Once a Soldier on Giving Tuesday

Once a Soldier on Giving Tuesday

THIS GIVING TUESDAY, HELP SUPPORT THE FAMILIES AFTER A VETERAN SUICIDE

WHY GIVE TO US:

  • We are the only nonprofit of our kind.

  • When you give to us, you’re helping pay their unpaid funeral bills.

  • We are a young nonprofit, and one that is on the rise.

  • We have recently successfully advocated for a bill that puts federal dollars behind our mission.

  • With our Google Ad Grant, we spend almost $10,000/month on Advocacy, Support and Information for our Families.

Making a donation to Once a Soldier on Giving Tuesday is a great choice because we give directly to the surviving families of veteran suicide. They deserve our help in this dark time. Your gift of $20, $50 or $100 enables our monthly Silver Linings Project. The Silver Lining Project pays off the funeral bills that overrun veteran families with after the suicide. Wildly expensive air travel to transport the body, ruthless funeral home practices, unfair life insurance clauses and insignificant VA support take their toll. It’s our turn to pay it.

There are many organizations with missions to stop soldier suicide, offer PTSD therapies and help for the soldier, but when it all fails, the family is forgotten. We are the only charity focused on these veteran families. Read our family’s stories and see the hearts you’re healing and the people you’re saving.

Help Veteran Families Bury Their Soldiers

 

Veteran suicides are fueled by PTSD and other tragedies of war. Their families live with PTSD, drug addiction and worse for years, only to find the body at the end. Let’s lift them up and lift off their burden.

 

 

Giving Tuesdays is America at it’s Finest – Be a Part of It

With record giving amounts for the past 5 years, Giving Tuesday is more than just a day to give to others. It’s now a day when all of America, and the world, give to the heroic non-profit charities. With their missions as their driving force, non-profits fill in the holes that government and society miss. A national treasure that keeps on paying out, America’s nonprofits are more than just caregivers; they’re heroes.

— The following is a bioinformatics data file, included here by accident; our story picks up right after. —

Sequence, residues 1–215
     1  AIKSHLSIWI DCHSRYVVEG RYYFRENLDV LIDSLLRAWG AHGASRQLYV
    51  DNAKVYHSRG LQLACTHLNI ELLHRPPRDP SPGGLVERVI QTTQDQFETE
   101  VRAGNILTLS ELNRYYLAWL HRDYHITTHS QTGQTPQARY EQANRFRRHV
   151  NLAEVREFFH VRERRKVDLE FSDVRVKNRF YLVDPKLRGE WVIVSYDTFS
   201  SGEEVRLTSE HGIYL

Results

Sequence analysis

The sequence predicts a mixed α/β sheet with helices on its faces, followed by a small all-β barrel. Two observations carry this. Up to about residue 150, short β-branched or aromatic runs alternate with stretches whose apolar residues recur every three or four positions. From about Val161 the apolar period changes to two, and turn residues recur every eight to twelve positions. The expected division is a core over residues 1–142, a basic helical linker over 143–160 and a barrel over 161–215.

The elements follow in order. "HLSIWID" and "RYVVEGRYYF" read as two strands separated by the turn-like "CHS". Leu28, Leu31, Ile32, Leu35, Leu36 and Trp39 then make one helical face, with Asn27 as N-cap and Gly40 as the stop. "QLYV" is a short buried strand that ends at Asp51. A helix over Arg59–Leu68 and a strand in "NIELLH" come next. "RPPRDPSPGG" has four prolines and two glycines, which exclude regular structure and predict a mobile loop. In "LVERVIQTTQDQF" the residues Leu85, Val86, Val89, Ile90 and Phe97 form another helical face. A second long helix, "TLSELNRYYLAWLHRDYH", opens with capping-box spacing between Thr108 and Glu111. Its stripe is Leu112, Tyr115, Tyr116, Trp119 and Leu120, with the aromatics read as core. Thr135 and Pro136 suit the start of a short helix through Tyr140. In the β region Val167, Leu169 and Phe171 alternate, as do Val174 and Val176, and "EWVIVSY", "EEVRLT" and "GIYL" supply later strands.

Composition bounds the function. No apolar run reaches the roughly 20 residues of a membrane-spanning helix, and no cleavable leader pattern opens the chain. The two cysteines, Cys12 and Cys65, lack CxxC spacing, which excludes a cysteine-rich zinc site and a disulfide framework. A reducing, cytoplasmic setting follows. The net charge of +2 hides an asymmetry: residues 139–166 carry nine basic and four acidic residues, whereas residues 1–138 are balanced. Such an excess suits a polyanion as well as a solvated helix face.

About Giving Tuesday

Giving Tuesday is a global day of giving fueled by the power of social media and collaboration. Celebrated on the Tuesday following Thanksgiving (in the U.S.) and the widely recognized shopping events Black Friday and Cyber Monday, Giving Tuesday kicks off the charitable season, when many focus on their holiday and end-of-year giving. One of the best ways to get involved is in your own community. We’ve created a directory to help you find organizations, charities, events and more in your own community.

In the dark times that a family finds themselves in after a veteran suicide, your gift, whether on Giving Tuesday or not, help add a silver lining that that dark cloud.

Lift the Burden of Veteran Suicide

 

Their families live with PTSD, drug addiction and worse for years, only to find the body at the end. Let’s lift them up and lift off their burden.

 

More about Once a Soldier and Why the Need is So Great

People may think that soldier suicide or veteran suicide is about younger soldiers coming home from Afganistan or Iraq and suffering from PTSD. While there are many vets who fit that description, the majority of veteran or soldier suicides are aged 50+ and have no ties to the Veterans Administration. That means that they don’t have access to the mental health services that can help them start to recover from PTSD or find support groups that can help, or get the medical treatment that may also aid in their return to civilian life.

Further, when they are disconnected to that source, any death benefits also are lost. Sadly, that’s not too much support. An active soldier who commits suicide typically has opted into a life insurance policy with a payout of $150,00 to $400,000. In the best of circumstance, most vets can expect a range of $400-$2,000 in death benefits. Most get something on the lower end of that scale.

So the need to help these vets on #givingtuesday or #givingasilverliningtuesday is intense. Not only are they depressed, unable to get medical or mental health benefits from the government they served to protect, but they are usually living at or above the poverty level. That means that when they commit suicide, financial distress is one of the reasons. And who’s left to deal with that? The families.